Camp Claiborne Louisiana WWII Army Camp
Alexandria and Central Louisiana were the center of a massive military build-up prior to, and during, World War II. The map below depicts the locations of major military installations during the war near Alexandria.
Camp Claiborne was situated in Rapides Parish about 18 miles south of Alexandria, off the intersection of US Highway 165 and present day La Highway 112, just north of the town of Forest Hill.
We remember driving the abandoned roads of the camp and stopping to shoot BB guns into some of the abandoned warehouses during the late 1950s.
We remain fascinated by the history of this camp, and have total respect for the men and women that served there.
Shown below is the main entrance gate to Camp Claiborne during World War II (courtesy of the Dale Genius Collection, Alexandria, LA).
The other major area Army facility, Camp Livingston, was northeast of Alexandria.
Other Alexandria area military facilities included Alexandria Army Air Base, Camp Beauregard, Esler Field, and Pollock Army Air Field, as shown in the map below. Camp Polk was located further west of Alexandria near Leesville.
Camp Claiborne Construction and Activation
Camp Claiborne was originally created on June 10, 1930 as Camp Evangeline, for the "Evangeline District" of the Kisatchie National Forest.
Later, it was later renamed for William C.C. Claiborne, the Governor of the Territory of Orleans and first governor of the State of Louisiana.
In 1939 construction crews began to expand the camp for its reactivation as a U.S. Army camp during 1940. It included 30,176 acres, and was reopened for use on January 15, 1941.
Construction initially as a tent camp to provide quarters for 30,000 officers and men, the camp was enlarged in early 1942 at the "West Clairborne Annex". During 1942 tents were replaced by "hutments" which were built in two sizes: a small one to accomodate two officers, and a larger one to house 15 enlisted personnel.
Among the camp's facilities were a post office, bank, several post exchanges, seventeen chapels, six movie theaters, three guest houses, five service clubs, a large sports arena and bus station.
The first commander of the camp was Major General Ellard A. Walsh, who also commanded the 34th Infantry Division.
Many activations occurred at Camp Claiborne. The Army's first airborne units were created here. The 82nd Airborne Division was activated on August 15, 1942, and a day later half of its troops were disbursed into the new 101st Airborne.
Training for engineering units and special service forces took place at Claiborne, and railroad construction battalions trained on and maintained the Claiborne-Polk railroad line between Camp Claiborne and Camp Polk near Leesville.
The Louisiana Maneuvers
Thousands of acres of rural land in Louisiana were selected by General Leslie McNair and Colonel Mark Clark to conduct maneuvers to train the United States' rapidly expanding military forces.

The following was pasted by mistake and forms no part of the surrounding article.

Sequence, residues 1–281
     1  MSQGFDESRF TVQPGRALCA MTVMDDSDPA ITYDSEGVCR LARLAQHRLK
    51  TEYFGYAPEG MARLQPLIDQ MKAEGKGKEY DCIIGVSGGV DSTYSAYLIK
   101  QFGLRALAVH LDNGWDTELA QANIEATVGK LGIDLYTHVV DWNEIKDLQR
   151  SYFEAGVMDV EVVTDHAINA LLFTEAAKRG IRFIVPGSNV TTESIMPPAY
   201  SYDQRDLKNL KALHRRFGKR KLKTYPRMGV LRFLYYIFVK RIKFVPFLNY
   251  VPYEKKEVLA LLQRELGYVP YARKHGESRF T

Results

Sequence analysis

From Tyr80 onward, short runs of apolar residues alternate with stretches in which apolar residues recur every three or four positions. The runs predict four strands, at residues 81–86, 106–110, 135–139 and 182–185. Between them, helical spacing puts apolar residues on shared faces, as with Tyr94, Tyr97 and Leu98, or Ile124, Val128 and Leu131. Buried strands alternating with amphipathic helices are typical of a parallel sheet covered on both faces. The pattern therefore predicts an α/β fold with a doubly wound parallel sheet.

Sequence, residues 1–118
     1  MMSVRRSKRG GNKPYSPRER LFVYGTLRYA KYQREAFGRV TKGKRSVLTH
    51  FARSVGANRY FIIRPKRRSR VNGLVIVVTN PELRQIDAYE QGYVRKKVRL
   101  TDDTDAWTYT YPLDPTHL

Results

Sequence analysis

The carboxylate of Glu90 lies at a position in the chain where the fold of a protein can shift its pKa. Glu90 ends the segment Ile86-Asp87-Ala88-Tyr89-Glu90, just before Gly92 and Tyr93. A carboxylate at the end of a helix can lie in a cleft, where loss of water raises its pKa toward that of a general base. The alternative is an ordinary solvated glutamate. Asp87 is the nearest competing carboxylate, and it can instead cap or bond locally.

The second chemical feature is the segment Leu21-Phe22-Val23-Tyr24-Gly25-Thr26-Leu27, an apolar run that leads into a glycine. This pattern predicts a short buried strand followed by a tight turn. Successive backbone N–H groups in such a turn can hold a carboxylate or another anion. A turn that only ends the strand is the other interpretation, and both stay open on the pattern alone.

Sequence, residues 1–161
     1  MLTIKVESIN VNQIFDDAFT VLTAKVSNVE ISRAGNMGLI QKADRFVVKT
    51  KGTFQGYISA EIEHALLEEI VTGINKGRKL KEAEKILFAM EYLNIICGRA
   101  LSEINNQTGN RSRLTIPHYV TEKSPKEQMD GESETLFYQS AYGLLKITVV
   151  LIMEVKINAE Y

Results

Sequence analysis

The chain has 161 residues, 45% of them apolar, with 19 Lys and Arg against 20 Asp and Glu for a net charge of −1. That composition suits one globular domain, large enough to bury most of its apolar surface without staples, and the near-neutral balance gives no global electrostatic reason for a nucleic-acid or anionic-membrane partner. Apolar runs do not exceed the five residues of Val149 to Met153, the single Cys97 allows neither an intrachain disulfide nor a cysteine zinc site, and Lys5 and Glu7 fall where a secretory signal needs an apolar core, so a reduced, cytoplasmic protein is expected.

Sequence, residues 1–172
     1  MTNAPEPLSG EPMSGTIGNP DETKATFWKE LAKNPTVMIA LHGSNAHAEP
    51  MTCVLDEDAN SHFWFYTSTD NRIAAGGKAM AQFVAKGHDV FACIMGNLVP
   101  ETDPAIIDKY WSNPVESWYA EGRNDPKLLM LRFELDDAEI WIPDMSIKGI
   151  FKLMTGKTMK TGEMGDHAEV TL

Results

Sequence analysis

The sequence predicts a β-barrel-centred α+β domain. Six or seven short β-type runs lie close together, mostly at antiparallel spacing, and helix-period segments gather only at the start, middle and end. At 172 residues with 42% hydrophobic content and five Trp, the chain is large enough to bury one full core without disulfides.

The area ultimately selected to be used in the maneuvers extended over 2,400 square miles, from the Sabine River to the Calcasieu River and north to the Red River.
During the Louisiana Maneuvers, Army strategists began by teaming division against division.
Later the war games expanded to have corps fight against corps, and finally in the grand finale, Lieutenant General Walter Krueger's Third Army took the offensive against Lieutenant General Ben Lear's Second Army. Other key commanders included Col. Dwight D. Eisenhower, Chief of Staff, Third Army, and Brig. General Mark Wayne Clark, Maneuver Director, Omar Bradley, and George Patton, among other notables.
The armies of two mythical countries were assembled, totaling about 400,000 troops: Kotmk (Kansas, Oklahoma, Texas, Missouri, Kentucky) and Almat (Arkansas, Louisiana, Mississippi, Alabama, Tennessee). Navigation rights for the Mississippi River was the reason for the "war".
During the maneuvers, Army commanders were able to test and simulate a variety of offenses and conventional defenses with attacks from armored vehicles.
Patton's tanks pushed back conventionally-armed defenders but failed to achieve a major, convincing victory. Army strategists also encountered recon and troop supply issues that would later be experienced in actual real-world battle situations, creating valuable experience for the Army prior to the U.S. entering the war.
The Army conducted similar, but smaller, Louisiana maneuvers in 1942 and 1943, but cancelled exercises in 1944 so soldiers could be part of the D-Day invasion in Europe.
Scenes Around Camp Claiborne During World War II
This website has collected a number of historic images and vintage postcards on Camp Claiborne from the 1940s which show various scenes of buildings and camp life. These tell amazing stories of the magnitude of the camp, and the lives of the people who served there.
Entrance to the Camp Claiborne Hospital
Camp Claiborne Nurses Quarters
Camp Claiborne Soldiers Marching
Camp Claiborne Post Exchange Service Station
Camp Claiborne Officers Club
A Story of One Soldier: Peter T. Murray